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Moving to Moab-Was Elimelech Wrong?

By May 1, 2006July 19th, 2014No Comments

by Norm Olson

Q: Was Elimelech right or wrong in moving his family to Moab in Ruth 1:1-5?

A: Bible scholars hold varying views on this question. Ruth 1:1-5 simply states that during a famine in the land of Israel, a certain man, Elimelech, moved with his family from Bethlehem of Israel to Moab, perhaps sixty miles east. The word “sojourn” in verse 1 is rendered “reside temporarily,” so he apparently intended to return to Israel after the famine ended. However, the move itself isn’t the only issue that is often discussed concerning this passage.

Many Bible teachers move beyond what is simply stated here and speculate that Elimelech was wrong in his action, some going so far as to compare him to the prodigal son in Jesus’ parable, or to Abraham when he went to Egypt and got into trouble. Moses-himself, in a way, a prodigal on the journey to the Promised Land-was buried in Moab. Add to this the fact that not only Elimelech but his two sons died while in Moab, and the speculation that Elimelech was wrong seems even more plausible. The two sons of Elimelech and Naomi were Mahlon and Chilion. Their names, respectively, mean “sickly” and “wasting.” One can see how even these names would lend themselves to this view, though the two boys could have been afflicted with physical problems from birth.

Frequently the content and tone of Naomi’s words in Ruth 1:20, 21 are used to argue that Elimelech’s move was wrong, as well.

As far as the land of Moab is concerned, two factors add to speculation that Elimelech was out of the will of the Lord. First, Moabites descended from Lot through his incest with a daughter (Genesis 19:36, 37). Second, Moab was an enemy of Israel (Numbers 22; 25; Deuteronomy 23:3-6; Judges 3:12-14).

Yet some point out that individual Moabites and Israelites could be, and were, friends (see 1 Samuel 22:3, 4). That the family of Elimelech ended up living in Moab as long as they did shows some degree of peace between the two nationalities. Scholars also point out that Israel was often just as heathen and apostate as the surrounding nations in this period of the judges.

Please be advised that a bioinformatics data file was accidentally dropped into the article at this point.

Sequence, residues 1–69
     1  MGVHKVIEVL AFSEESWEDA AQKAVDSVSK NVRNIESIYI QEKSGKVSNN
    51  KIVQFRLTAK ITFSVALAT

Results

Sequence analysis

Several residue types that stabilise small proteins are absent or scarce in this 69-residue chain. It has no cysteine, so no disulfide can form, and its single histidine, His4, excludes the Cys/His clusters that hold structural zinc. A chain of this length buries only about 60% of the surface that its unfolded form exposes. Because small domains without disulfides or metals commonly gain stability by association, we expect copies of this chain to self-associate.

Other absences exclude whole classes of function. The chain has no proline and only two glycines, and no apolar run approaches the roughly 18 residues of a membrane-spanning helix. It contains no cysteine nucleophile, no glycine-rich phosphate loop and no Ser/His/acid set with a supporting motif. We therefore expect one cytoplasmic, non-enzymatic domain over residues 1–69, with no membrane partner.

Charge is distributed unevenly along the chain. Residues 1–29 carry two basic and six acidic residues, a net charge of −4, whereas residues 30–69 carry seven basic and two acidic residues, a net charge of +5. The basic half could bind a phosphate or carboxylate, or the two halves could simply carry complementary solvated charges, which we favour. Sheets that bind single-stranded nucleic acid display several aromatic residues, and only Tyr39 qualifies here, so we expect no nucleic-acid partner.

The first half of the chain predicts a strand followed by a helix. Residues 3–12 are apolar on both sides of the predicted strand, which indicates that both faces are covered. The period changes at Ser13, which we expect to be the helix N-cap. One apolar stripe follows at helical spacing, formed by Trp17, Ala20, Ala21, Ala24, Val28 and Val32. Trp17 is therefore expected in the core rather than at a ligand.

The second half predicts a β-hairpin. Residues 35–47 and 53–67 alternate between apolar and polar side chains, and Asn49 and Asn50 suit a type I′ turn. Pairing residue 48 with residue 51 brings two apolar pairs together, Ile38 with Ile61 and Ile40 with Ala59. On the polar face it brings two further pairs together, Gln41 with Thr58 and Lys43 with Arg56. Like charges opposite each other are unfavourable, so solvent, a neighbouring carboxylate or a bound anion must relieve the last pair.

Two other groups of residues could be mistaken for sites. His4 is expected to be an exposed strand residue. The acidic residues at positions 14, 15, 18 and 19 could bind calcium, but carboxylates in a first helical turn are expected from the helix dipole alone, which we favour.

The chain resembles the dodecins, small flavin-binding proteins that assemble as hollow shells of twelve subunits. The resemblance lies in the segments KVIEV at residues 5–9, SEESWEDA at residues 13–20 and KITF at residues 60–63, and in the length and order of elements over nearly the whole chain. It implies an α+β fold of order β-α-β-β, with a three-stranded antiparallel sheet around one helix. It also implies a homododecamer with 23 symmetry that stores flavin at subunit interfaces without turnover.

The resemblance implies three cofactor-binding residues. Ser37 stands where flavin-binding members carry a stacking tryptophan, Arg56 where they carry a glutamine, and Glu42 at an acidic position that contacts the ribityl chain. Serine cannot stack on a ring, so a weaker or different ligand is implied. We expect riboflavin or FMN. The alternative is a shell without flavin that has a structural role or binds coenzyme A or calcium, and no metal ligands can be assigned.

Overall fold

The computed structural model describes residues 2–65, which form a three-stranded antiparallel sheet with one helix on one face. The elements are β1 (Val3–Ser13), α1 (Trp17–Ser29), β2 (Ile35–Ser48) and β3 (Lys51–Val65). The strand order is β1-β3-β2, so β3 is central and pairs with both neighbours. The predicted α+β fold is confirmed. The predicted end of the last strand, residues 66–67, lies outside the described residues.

Before Mahlon and Chilion died, they married Moabites. This is another issue often debated. Some say that God did not expressly forbid an Israelite’s marriage to a Moabitess, while others insist He did, as in the case with Canaanites. Nevertheless, the marriages took place. Those who view Elimelech’s move negatively also believe that God consequently judged the marriages in what they see as Mahlon’s, Chilion’s, and Elimelech’s premature deaths. As believers of the New Testament, we recognize the most important principle concerning marriage: a believer should never marry an unbeliever (2 Corinthians 6:14). Whether Mahlon and Chilion ever knew the true God personally is uncertain.

Another puzzling twist in the account is why Elimelech traveled to Moab when others apparently did not, weathering the famine in their own land. Further, Elimelech was evidently quite wealthy, since he is referred to as an Ephrathite. That name indicates he was from an ancient, noble line. Some believe his wealth was the very thing, or one of the things, that prompted the move-his fear of losing what he had, as well as his influence and name. Such incidents happen all the time: people move away to make a new start for themselves or to avoid disgrace.

Whatever position we take beyond what is actually stated in the Scripture account–and Bible scholars have differed–we must acknowledge God’s grace and intervention. The book of Ruth is a beautiful account of God’s matchless grace and is laden with meaning. Ruth, the Moabitess, believed on the Lord, and she was not only wonderfully taken care of, but she married Boaz and entered the royal lineage of our Lord and Savior, Jesus Christ. While we want to learn what we can, discover the backgrounds of Biblical events, and draw spiritual lessons, we don’ want this wonderful account to get lost in the debate over issues such as whether Elimelech’s decision was right or wrong. What matters is that God is able to, and does, overrule in the affairs of mankind and is consequently glorified.

Do you have feedback or a Bible question to submit? Send your Bible questions to nolson@garbc.org, or mail to Norman A. Olson in care of the Baptist Bulletin, 1300 N. Meacham Rd., Schaumburg, IL 60173-4806.

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